Is Crime a Young Man’s game?
By Adnan Mouhiddin
Who is the young?
The Criminal Justice System in England and Wales recognises young people to be between the ages of 10-17 years, young adults 18-20 years and adults 21 years and over. Answering the question becomes crucial when we consider that the crime data differs in accordance with these different categories. For instance, of the total people sentenced for indictable offences in the year ending March 2016, 6% were young people, 9% were young adults and 85% were adults. The Youth Justice System in England and Wales works to ‘prevent offending and reoffending by young people under the age of 18’ (YJB, 2017:5).
The social reality of youth crime
In his book The Social Reality of Crime (1970), Richard Quinney contended that crime is a social and political construct. He also argued for the social reality whereby a human conduct that is considered as a crime by the social and political class in a given organised societies. Thus, crime is merely a behaviour which is defined as criminal by others when a given behaviour conflicts with the interests of those in power to create laws and form public policies. In line with Quinney findings, Muncie argues that ‘as the criminal law is in main directed against forms of behaviour associated with the young, the working class and the poor, we should not be surprised to find out that, officially, it is these groups that are found to be most criminal’ (1999:38).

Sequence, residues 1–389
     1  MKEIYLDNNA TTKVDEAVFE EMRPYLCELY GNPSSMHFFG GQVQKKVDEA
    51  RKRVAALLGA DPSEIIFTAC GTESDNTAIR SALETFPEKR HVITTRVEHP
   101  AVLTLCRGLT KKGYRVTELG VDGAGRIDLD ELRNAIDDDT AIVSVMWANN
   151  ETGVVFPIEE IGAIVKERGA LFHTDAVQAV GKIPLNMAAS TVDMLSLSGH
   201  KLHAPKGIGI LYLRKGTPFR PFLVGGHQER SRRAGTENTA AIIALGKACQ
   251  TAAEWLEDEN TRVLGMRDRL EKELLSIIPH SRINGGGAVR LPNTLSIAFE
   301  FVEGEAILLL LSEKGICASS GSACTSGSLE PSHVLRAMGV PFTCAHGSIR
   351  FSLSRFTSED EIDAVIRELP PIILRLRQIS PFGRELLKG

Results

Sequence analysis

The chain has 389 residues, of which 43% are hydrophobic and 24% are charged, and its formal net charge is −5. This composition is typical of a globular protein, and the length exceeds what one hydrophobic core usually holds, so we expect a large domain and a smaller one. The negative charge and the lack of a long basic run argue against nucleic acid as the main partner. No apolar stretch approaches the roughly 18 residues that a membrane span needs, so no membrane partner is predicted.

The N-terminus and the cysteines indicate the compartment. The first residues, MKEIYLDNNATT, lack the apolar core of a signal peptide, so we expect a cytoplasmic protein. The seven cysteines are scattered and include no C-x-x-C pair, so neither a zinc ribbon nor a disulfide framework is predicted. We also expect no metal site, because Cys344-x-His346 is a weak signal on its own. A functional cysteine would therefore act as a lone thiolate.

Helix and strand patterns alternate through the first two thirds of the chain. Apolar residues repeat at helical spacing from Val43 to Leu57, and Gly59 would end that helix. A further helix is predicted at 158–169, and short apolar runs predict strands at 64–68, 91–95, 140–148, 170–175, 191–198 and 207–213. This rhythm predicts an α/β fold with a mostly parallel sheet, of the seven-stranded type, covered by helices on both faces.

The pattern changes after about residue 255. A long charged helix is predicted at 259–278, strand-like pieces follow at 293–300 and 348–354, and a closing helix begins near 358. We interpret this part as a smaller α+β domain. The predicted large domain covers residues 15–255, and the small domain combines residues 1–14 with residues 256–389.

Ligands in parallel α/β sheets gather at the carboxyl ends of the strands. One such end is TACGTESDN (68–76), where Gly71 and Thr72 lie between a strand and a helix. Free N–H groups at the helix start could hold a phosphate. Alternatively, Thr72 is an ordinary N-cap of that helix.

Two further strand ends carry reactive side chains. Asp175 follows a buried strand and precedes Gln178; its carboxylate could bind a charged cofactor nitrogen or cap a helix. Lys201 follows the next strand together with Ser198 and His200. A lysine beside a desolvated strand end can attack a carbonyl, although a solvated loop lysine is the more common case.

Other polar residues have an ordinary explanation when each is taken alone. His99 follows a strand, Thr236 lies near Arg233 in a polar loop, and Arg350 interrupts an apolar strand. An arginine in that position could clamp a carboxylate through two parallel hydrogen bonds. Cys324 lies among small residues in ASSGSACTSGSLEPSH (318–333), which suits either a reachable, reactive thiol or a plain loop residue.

Attitude in general towards young people and in particular those coming from working class has hardened (Hewlett, 1993). Over time, youth crime has become politicized and the rights of young people circumscribed (Goldson, 2005). This attitude towards young people was enhanced by the media’s demonization of the youth in their communities (McCauley 2006; Yates 2006). It was also affected by the media’s excessive focus on youth problems, such as drug use, vandalism, brawls and anti-social behaviour, whilst simultaneously overlooking corporate crime and ignoring that the social harm goes way beyond that caused by the original crime (Muncie 2009:155). Consequently, this economic and social polarisation amounted to more serious crimes in areas struggling with relentless economic and social deprivation despite the dropping of crime rates in the last twenty years (Bullock and Tilley, 2003). Crime and disorder in the poorest neighbourhoods became distinctive in that it is youthful, because the population is young, which resulted in both victims and perpetrators tending to be children and young people (Pitts, 2015). Moreover, crime in those areas is embedded thereby denying the young people an opportunity to grow out of crime by linking them with offences committed in their twenties and thirties (Pearson, 1988). This responds to the findings of the Children’s Commission for England, which identified poverty as ‘the single most pernicious influence that is blighting the lives and prospects of our young people’ (The Guardian, 2008). Describing in ‘Dark Heart’ how poverty impacted on a community in Leeds, Davies reported that: